The list of professional cyclists to have died of heart attacks in recent years is surprisingly long:
• In 2004, Belgian Stive Vermaut died at the age of 28 following a heart attack he suffered during a training session. In the 2000 season, he rode alongside Lance Armstrong with the US Postal team.
• Also in 2004, Belgian cross specialist Tim Pauwels died after the 23-year-old suffered cardiac arrest during a minor race in Erpe-Mere, Belgium.
• In 2005, Alessio Galletti fell off his bike in the Spanish race Subida al Naranco and did not get up. The 37-year-old Italian, who rode for the Naturino-Sapore di Mare team, had also succumbed to cardiac arrest.
• In 2009, 21-year-old Frederiek Nolf of the Topsport Vlaanderen-Mercator team died in his sleep one night during the Qatar Tour. According to media reports from the time, all of the evidence pointed to the Belgian having suffered a heart attack, however his parents declined an autopsy.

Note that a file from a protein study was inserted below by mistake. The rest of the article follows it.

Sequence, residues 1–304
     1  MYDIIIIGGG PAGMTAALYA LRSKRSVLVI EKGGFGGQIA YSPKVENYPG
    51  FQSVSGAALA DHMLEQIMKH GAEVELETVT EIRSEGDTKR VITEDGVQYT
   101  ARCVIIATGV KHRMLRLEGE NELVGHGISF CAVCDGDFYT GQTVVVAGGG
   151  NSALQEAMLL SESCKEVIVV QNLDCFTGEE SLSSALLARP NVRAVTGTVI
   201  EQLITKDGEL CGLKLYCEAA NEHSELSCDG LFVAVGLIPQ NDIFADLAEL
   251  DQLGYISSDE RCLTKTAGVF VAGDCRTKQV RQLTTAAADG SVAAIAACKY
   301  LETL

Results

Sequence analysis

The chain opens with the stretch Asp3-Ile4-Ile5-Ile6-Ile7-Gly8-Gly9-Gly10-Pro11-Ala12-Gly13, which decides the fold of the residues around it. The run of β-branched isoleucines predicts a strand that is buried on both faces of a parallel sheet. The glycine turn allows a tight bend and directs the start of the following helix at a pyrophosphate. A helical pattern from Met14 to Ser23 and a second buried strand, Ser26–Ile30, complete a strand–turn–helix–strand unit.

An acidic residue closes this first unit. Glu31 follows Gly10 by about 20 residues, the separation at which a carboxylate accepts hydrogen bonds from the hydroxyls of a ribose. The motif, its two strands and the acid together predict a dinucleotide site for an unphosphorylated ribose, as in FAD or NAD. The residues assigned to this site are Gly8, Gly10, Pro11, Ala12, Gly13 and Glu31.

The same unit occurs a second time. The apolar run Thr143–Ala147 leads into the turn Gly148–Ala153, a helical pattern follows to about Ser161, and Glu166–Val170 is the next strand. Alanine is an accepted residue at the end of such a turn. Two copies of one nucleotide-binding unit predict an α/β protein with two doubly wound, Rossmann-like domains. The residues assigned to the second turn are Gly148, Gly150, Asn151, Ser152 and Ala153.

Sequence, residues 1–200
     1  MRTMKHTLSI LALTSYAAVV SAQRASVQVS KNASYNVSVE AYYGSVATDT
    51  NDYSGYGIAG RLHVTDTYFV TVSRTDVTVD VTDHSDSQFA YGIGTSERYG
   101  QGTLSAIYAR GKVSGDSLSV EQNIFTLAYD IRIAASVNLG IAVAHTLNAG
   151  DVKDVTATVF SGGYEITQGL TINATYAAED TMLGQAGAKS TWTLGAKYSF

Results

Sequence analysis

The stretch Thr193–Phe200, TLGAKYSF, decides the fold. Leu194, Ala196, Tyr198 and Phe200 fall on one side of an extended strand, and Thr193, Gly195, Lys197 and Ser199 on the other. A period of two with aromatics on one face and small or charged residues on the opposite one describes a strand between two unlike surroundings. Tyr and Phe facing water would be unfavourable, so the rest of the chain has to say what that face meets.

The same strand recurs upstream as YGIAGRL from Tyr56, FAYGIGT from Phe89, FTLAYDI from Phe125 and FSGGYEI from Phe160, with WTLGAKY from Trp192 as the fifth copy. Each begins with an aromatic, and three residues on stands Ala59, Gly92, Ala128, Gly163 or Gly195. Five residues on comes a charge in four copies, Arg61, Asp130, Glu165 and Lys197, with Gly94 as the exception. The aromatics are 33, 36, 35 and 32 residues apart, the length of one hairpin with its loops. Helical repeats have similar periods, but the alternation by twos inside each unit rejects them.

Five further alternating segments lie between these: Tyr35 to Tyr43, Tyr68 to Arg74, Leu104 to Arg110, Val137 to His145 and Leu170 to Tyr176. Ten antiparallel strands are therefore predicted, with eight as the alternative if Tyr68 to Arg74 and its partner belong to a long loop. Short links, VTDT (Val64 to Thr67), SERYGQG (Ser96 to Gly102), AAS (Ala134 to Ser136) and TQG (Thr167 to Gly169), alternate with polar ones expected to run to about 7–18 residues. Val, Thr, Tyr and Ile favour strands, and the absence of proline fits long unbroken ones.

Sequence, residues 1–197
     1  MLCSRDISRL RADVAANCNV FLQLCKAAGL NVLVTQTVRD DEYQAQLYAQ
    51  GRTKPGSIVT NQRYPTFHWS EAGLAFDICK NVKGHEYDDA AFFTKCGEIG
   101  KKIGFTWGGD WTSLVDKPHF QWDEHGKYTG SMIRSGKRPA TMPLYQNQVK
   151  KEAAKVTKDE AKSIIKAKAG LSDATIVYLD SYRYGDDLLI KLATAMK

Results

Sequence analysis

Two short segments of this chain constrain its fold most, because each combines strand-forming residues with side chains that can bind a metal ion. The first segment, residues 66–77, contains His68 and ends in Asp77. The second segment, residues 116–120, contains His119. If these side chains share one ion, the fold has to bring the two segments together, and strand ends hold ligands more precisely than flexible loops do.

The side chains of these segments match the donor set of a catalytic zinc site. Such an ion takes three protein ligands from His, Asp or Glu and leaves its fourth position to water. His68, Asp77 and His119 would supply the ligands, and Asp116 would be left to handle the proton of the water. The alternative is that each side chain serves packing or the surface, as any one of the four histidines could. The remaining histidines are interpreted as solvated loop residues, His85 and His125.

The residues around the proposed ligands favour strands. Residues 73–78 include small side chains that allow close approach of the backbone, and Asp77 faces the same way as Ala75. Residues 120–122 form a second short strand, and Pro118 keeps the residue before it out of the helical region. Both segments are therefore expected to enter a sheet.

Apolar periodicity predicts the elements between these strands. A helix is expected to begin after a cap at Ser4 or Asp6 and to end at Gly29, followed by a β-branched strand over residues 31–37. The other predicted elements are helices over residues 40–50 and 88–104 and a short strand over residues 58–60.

• In 2010, Luxembourg's Kim Kirchen, then 39, suffered cardiac arrest, was placed into an artificial coma, however, he survived the incident. The former T-mobile Team rider subsequently ended his racing career.
• In 2012, Rob Goris died of a heart attack in a hotel at the age of 30. Like Goolaerts, the Belgian competed for the Veranda-sponsored team.
• In 2016, 21-year-old Dutch rider Gijs Verdick of Cyclingteam Jo Piels suffered two heart attacks during an under-23 tour in Poland and was placed into an artificial coma. Verdick was brought from Poland to Zwolle in the Netherlands, where he passed away a day after his arrival.